Over the past 10 years, technology has become more ubiquitous, as well as more complex.In accounting firms, the definition of technology is now "anything that plugs into the wall" - including telephone systems and copiers/scanners. Previously, these systems were part of the administrative budget. Today they are integrated with the network and should be managed by the IT department.

According to national statistics, firms everywhere are investing less in technology as a percentage of revenue than they were five years ago - even though the definition of technology has expanded. The breadth of knowledge required to support and integrate these systems has grown to the point where it's time for firms to assess the talent required and whether to employ professional IT personnel, outsource or settle on a combination of strategies.

If you are a small firm, read on, because this applies to you. In fact, the decision may be easier for small firms, due to less politics and greater opportunities to focus.

There are tactical as well as strategic issues involved when making these decisions, and participants (partners/owners) are not always willing to consider factors other than cost. Likewise, an accountant playing the role of part-time technical IT person is putting the firm at risk from a tactical standpoint.

Firms require an IT department that has a split personality. Neither strategy nor tactics alone are enough today. Both are required, and it generally requires multiple people in order to succeed.

Some of the primary skills required by IT are:

* Technical skills;

* Business savvy;

* Marketing and sales skills;

* Human resources skills;

* Project management skills;

* Budgeting and cash-flow skills; and,

* Strategy and planning skills.

Your first reaction may be that your firm has the technical component covered. It encompasses security, communications, engineering, application support, Web development and integration.

Let's start by considering some examples that illustrate where firms are struggling with both strategic and tactical initiatives. The most prevalent initiative today is document/content management. From a strategic standpoint, firms must decide whether to implement an in-house or sourced solution. From a tactical standpoint, either strategy requires planning, people and processes.

Many firms are struggling tactically because firm owners view these projects as IT projects, rather than as firm projects.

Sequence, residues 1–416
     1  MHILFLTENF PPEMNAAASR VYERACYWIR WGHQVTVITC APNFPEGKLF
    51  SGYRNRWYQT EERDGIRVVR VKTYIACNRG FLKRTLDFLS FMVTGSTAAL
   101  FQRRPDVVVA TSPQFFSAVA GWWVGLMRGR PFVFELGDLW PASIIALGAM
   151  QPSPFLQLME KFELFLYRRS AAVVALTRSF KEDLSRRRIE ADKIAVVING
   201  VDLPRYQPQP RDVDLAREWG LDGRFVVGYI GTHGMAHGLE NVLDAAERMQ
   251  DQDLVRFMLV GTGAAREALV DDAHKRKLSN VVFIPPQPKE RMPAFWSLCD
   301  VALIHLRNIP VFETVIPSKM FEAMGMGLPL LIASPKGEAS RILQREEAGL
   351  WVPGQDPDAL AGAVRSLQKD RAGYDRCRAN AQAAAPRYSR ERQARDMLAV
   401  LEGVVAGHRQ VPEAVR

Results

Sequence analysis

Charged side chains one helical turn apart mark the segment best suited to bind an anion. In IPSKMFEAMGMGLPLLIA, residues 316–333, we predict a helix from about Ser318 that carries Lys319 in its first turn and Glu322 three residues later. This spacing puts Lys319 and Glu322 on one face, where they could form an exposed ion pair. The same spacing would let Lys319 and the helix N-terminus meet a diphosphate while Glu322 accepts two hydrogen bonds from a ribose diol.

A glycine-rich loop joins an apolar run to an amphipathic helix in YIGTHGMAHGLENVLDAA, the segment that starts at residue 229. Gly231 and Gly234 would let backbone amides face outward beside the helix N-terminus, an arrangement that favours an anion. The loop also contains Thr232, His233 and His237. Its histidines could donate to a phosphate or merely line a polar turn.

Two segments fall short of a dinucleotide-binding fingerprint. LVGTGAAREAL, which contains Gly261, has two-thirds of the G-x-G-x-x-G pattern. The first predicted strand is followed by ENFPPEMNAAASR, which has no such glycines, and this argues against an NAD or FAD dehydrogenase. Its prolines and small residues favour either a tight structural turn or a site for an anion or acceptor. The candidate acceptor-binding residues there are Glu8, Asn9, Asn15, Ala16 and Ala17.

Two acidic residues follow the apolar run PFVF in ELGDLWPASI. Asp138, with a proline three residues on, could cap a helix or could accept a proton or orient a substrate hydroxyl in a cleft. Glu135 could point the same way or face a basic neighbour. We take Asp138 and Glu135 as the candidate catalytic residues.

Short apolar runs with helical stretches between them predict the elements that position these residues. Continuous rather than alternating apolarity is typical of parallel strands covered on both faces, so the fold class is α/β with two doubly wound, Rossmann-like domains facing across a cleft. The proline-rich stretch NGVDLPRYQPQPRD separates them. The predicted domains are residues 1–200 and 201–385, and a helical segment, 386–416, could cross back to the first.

Vendors can and do provide limited tactical support, but firms must provide the project management, processes and policies, training, and discipline to insure the initiative's success. These projects have also grown (complicating and increasing resource requirements) from simple document storage projects to include e-mail management, records retention, knowledge management, and now client portals. Firms are learning that once they go digital, they can manage data more efficiently than with paper - and at the same time provide clients with more timely knowledge available around the clock.

The rules of supply and demand enter into a firm's technology equation. All progress starts with the truth, and the truth is that demand for IT resources in firms has increased exponentially over the past several years. Sadly, the ratio of IT people to end-users has not. End users may have become more knowledgeable, but for the most part their tech skills have not kept up. This puts even more pressure on IT resources.

Firms also need improved integration (reducing the number of databases storing redundant information) and expanded Web-based services to improve remote access, as well as client access to portals. The shortage of quality accountants and IT professionals is also increasing demands on IT resources.

The accompanying chart provides both strategic and tactical solutions to some of the most significant issues.

Knowing the questions to ask is also very important. In a recent survey, we found that over 60 percent of partners did not know how much their firms were spending on technology per charge hour - or in total.

However, they all had an opinion as to whether it was too much or not enough. Those with the strongest opinions tend to have the least knowledge when it comes to technology. Here are some basic questions your firm should consider as you develop strategy and tactics.

STRATEGIC

* 1. What are the firm's priorities (strategic plan)?

* 2. How will technology accelerate those projects (business purpose)?

* 3. Who are our peers, and what are they doing?

* 4. What are the latest trends in and outside of our industry (vision)?

* 5. What is our charge-back and billing model return on investment?

TACTICAL

* 1. What personnel resources do we have, and what are their unique abilities (inventory)?

* 2. Who is in charge and responsible for each project (management)?

* 3. Should we outsource or staff the project internally?

* 4. What is the timeline and budget (resources)?

* 5. How much per charge hour are we spending on technology?

Once you answer these, you will be better prepared to advance, both from a strategic and a tactical standpoint.

Remember, it requires a team in order to succeed, regardless of the size of your firm. Outside resources and consulting are valuable from both a strategic and tactical viewpoint. It is what you don't know you don't know that will cost you time and money. Take the time to think, plan and grow.

Gary Boomer, CPA, is the president of Boomer Consulting, in Manhattan, Kan.

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